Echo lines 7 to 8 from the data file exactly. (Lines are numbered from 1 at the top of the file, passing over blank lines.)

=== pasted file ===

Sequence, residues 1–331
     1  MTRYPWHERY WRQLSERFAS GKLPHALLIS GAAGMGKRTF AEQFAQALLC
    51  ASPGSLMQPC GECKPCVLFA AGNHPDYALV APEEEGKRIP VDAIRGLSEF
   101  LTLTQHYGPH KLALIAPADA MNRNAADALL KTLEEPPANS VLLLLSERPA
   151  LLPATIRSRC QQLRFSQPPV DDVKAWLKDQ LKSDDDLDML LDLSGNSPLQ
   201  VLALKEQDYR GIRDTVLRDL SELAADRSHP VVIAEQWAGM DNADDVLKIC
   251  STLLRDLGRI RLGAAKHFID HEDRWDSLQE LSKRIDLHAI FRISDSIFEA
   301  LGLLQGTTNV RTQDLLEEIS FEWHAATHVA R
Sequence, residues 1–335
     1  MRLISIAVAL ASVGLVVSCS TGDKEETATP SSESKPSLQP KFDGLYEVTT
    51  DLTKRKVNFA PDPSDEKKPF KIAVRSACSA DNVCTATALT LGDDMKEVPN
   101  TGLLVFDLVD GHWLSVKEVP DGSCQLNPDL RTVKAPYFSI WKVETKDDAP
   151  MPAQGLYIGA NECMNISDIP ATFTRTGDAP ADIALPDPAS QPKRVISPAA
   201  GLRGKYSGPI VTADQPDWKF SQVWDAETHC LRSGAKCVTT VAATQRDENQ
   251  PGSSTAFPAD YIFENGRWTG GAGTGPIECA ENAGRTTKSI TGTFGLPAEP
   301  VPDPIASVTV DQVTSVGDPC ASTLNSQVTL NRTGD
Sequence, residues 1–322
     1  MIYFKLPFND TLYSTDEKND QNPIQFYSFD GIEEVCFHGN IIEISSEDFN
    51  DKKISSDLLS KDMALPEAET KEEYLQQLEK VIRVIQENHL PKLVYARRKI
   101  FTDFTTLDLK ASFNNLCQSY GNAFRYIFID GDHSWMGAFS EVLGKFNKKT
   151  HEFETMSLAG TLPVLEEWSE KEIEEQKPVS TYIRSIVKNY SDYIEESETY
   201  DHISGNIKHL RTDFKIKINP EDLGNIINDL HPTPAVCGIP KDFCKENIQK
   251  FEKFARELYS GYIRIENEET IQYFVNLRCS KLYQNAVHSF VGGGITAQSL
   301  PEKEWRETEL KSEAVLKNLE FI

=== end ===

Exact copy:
   251  STLLRDLGRI RLGAAKHFID HEDRWDSLQE LSKRIDLHAI FRISDSIFEA
   301  LGLLQGTTNV RTQDLLEEIS FEWHAATHVA R